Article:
The easiest solution is probably just to use the new XCom solution. Each team member's turn is maneuver-act, with some acts being engagements and some not. Similarly, as you level up you might find the actual mechanics slowly shifting. However, in essence, the idea of maneuver-act is a good one, sharp and clean.

Because maneuvering doesn't happen on actual space, it might be best to use "tagging" instead of "walking". So instead of telling a unit to walk X steps, you would tell a unit to tag another unit. Tag an ally to stay close to them, to engage when they engage. Tag an enemy to chase them, unlocking advanced attacks when you engage them. Every unit has two (or three, for tactical classes) tags, and they cycle. So you could tag an ally, and then tag an enemy on the next turn. You'd still be tagged to your ally, so if you then engaged the enemy, both of you would attack and be able to use advanced modes and techniques. Of course, if the enemy had double-tagged your ally, the enemy would have an even more significant bonus...

This is a simple method to create interconnectivity and topology from nothing. Moreover, your action phase after your maneuver phase offers a lot more options than simply "fiiiight!" You could shed an enemy's tag against you, for example. Or give an ally a pep-talk. Or scout. Or work on community awareness. Or pin an enemy down in a drawn-out fight that prevents them from tagging next round. Whatever.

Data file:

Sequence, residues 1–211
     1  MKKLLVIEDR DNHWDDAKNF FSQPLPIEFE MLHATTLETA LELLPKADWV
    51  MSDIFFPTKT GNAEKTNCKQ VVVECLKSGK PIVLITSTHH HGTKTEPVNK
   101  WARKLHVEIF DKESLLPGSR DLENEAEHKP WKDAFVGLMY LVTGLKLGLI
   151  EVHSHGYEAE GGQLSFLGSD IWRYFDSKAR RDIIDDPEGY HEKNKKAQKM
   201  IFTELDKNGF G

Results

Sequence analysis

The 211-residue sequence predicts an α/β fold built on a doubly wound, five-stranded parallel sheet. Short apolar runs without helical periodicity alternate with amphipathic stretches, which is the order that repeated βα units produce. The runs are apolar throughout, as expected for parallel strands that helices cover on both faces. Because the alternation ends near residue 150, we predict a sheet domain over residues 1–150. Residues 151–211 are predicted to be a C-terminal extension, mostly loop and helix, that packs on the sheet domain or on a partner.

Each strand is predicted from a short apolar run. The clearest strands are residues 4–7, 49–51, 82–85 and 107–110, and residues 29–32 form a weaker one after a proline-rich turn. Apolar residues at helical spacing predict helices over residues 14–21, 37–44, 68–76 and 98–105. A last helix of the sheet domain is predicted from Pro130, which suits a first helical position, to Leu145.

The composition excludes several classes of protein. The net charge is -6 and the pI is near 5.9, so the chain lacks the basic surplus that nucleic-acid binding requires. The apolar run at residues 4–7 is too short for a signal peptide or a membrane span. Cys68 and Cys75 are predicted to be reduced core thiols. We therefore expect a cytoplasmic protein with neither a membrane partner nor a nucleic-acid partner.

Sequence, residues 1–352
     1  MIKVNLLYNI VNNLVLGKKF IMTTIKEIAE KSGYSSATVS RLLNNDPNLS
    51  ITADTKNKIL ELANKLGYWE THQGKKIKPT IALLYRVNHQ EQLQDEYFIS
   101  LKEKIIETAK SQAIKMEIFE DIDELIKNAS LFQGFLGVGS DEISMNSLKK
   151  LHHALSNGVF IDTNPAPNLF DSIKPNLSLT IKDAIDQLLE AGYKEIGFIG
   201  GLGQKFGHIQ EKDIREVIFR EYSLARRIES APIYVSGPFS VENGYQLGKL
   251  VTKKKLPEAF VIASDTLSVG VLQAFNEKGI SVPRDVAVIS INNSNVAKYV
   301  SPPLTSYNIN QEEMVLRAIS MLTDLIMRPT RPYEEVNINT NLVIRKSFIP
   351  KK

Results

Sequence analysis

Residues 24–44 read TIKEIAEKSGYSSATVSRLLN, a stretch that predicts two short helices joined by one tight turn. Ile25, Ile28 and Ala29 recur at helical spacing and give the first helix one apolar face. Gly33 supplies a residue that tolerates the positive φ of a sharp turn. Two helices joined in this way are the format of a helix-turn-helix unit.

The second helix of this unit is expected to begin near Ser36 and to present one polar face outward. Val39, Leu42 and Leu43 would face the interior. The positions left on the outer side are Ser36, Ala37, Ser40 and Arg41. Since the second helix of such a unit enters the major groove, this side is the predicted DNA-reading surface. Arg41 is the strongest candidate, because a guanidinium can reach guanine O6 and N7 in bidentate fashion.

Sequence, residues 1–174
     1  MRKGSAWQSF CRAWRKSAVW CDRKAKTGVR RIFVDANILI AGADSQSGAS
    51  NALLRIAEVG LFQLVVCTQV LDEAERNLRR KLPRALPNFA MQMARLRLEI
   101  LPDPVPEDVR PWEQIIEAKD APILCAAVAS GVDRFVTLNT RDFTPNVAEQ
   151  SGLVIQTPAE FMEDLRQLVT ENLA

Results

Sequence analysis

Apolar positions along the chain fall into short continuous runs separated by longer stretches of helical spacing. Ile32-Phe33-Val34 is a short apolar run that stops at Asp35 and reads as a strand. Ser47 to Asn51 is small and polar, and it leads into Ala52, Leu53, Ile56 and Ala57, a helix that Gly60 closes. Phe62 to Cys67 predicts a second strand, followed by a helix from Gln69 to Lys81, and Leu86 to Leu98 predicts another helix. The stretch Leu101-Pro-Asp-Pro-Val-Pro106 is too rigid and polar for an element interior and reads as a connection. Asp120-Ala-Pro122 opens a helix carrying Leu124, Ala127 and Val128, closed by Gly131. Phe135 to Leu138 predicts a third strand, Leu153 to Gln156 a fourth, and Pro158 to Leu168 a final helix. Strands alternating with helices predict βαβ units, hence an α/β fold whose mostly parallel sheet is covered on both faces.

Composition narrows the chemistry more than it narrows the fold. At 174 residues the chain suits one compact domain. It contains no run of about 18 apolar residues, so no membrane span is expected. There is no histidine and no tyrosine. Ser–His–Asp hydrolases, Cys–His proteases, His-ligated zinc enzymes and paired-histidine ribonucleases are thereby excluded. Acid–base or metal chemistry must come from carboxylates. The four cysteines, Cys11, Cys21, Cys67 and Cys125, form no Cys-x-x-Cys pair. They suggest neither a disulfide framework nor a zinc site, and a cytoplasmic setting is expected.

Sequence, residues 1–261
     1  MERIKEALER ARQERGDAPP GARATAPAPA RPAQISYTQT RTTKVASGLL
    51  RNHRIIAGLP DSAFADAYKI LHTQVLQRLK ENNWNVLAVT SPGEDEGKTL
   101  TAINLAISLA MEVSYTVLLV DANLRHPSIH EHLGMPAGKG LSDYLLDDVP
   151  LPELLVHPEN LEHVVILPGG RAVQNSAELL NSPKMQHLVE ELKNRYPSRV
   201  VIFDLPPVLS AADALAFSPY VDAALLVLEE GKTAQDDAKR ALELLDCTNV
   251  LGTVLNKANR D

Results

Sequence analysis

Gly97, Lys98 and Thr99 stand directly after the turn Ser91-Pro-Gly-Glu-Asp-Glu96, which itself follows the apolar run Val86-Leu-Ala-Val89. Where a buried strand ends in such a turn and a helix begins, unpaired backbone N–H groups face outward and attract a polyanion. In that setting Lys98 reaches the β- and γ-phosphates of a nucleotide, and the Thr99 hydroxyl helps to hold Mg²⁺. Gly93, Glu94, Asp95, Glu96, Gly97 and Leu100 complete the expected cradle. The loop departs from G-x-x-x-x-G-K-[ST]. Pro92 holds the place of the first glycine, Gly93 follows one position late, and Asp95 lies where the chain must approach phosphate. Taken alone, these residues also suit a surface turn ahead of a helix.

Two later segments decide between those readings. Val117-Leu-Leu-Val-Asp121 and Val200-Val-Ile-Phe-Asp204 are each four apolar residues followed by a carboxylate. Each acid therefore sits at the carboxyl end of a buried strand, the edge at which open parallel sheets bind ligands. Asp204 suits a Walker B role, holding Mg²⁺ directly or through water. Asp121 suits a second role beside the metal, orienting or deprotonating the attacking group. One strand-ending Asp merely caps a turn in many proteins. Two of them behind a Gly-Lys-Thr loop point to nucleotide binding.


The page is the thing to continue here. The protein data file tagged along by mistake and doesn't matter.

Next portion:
The enemies have more or less the same rules, although they also have a bunch of other abilities. For example, some monsters might be able to kidnap a ranger in certain circumstances, or hold hostages, or depower rangers. These are usually related to acquiring a certain number of tags against noncombat targets, but in many cases the player can't even see those targets... or maybe even the monsters that did the tagging. So if a monster gets a turn and didn't seem to tag anything, maybe you ought to tag that monster and go a-spying before he digs up the depowering candle or whatever.

Other units and targets also exist - military bases, vulnerable townsfolk, suddenly-appearing secret labs full of magic crystals, ominous portals in the sky... the same tag-and-act method applies to them as well. In many cases you'll want to tag defensively so that you can defend them if the enemy attacks. This is where tactical classes are useful, because of their extra tag token. Of course, tags cycle, so you may end up holding off on tagging on round 4 so you don't lose that important defensive tag you put up on round 1...

In the end, the emergent topology and complex "who is teamed up at the moment" mechanics should result in the same kind of stories that emerge from games like X-Com.

This allows us to create stories in the same tense way that XCom combats do by using noncombat maneuvers as part of the overarching story.

... Now, what if you replaced the engagement conflict with a noncombat conflict?